Students cut Shakespeare play short because it was ‘suggestive in nature’


By Kevin Spradlin

A seventh-grade field trip to see “A Midsummer Night’s Dream” at Paul Green Theatre on the campus of University of North Carolina in Chapel Hill was cut short on Friday when staff decided the play was “suggestive in nature.”

According to the UNC events website, PlayMakers billed the play, written by William Shakespeare, as a “lyrical comedy (that) weaves together a trio of stories set in a magical wood. During the course of a moonlit evening, four young lovers escape to the first on a fantastic adventure, changing them forever.”

Richmond County Schools officials have said there was no indication that the play was to be "suggestive in nature."

Richmond County Schools officials have said there was no indication that the play was to be “suggestive in nature.”

Through Mallory Brown, public information officer with Richmond County Schools, Principal Julian Carter said that “the teachers in charge of the planning the trip spoke with theater personnel prior to the trip.” Those theater employees, Carter said, “assured them that the play was appropriate for middle school students.”

The teachers didn’t agree when, according to multiple students, one actress appeared to be nude — she wore a tight, skin-colored suit which simulated nudity — and when two men kissed.

“During the first act, teachers noticed a few themes that were suggestive in nature and, as a result, made the decision to leave after the first act,” Carter said, through Brown. “We believe these teachers acted in the best interest of their students and we are pleased with the way they handled it.”

The trip costs students, and their parents, $25 each. It’s unknown what portion of that fee went towards the play.

The students ended up eating lunch early and heading to the Morehead Planetarium and Science Center, where they waited outside until it was time to go in.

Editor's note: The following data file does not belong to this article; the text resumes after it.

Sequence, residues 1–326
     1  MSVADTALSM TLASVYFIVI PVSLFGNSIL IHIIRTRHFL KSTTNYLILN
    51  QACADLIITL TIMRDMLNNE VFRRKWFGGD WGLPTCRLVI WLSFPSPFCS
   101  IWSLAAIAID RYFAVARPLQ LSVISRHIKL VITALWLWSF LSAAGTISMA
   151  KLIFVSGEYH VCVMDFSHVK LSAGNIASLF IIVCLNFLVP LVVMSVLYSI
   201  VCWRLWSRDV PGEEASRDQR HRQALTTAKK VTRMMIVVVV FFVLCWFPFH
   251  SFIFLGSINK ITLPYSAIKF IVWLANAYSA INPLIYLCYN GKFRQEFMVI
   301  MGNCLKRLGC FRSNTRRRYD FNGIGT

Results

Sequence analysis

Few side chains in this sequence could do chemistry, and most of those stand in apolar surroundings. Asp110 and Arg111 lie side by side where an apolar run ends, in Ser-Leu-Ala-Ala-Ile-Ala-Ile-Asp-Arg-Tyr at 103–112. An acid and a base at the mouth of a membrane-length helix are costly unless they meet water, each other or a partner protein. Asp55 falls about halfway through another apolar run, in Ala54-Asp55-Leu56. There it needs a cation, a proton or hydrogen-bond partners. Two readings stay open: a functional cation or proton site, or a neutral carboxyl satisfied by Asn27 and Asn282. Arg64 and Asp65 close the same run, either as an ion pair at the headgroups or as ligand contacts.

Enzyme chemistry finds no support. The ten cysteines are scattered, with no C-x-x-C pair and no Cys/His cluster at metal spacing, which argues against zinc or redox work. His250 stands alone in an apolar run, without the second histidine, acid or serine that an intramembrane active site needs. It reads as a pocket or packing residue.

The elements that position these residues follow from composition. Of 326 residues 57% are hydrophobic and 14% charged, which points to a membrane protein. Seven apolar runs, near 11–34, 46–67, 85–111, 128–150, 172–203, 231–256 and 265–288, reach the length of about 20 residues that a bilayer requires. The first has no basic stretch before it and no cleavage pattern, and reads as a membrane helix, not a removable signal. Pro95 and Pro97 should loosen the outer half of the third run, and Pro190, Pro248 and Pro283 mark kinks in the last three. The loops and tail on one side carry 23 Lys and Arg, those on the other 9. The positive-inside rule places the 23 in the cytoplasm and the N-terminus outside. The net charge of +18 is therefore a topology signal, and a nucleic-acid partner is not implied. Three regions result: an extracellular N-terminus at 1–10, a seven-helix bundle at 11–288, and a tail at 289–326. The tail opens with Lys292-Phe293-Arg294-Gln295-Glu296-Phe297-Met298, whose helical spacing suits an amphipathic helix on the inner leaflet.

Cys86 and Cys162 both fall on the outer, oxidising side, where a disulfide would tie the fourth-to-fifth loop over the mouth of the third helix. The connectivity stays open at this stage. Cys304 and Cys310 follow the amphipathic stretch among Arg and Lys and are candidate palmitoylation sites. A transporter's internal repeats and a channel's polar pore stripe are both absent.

Attempts to reach a play representative were not immediately successful.

Filed in: Latest Headlines

You might like:

M. Bishop sinks putt for Mixed Division playoff win M. Bishop sinks putt for Mixed Division playoff win
Von Hagel wins drawing for Pixel Von Hagel wins drawing for Pixel
Application period open for club sponsorship Application period open for club sponsorship
S. Farris wins Player of the Year S. Farris wins Player of the Year
  • momatad

    Ferchristsake, people…….did none of them think to READ the play before taking the kids to see it? I don’t blame the play….Shakespeare has been around for 500 years now…….I blame the trip planners who didn’t ‘vet’ the play first.

    • Sierra Ramsay

      I was one of the students that attended the field trip and I just wanted to tell everyone that NO ONE appeared nude on the stage the closest apperence to nude was a strippy dress that was not covered. The play was actually amusing and I saw a lot of kids laughing about it. I really wish we would of stayed for the 2nd half of the show. The part that I didn’t like about the field trip was us standing outside for at least an hour and a half while we waited on our lunches to arrive. We were really cold and a lot of people were then sick.

  • Susan K Browder

    Shakespeare can be “suggestive in nature,” not to mention rather sophisticated for seventh-graders. Somebody made a questionable decision before the kids ever got on the activity bus.

  • Daffy

    It is true someone made a mistake and picked the wrong program. That is easy to do. However, you all took a stand for decency and I applaud your morals. You have my full support. Way to go teachers !

  • Dean Jenks

    I agree with the previous post. I’m a little concerned that any pf our teachers had to ask about the contents of the work. The Bard was known for suggestive innuendo, as is most literature of the age. simply removing the seventh graders from such a masterpiece is a travesty in and of itself. A chance to watch Shakespeare done as done by such a professional group is a privilege. removing the student only increases what was thought of as inappropriate. How about reading the work before trying to actually seeing it done; some understanding of the era and its literature would temper any surpisees that may occur.

© 2024 All rights reserved. XHTML / CSS Valid.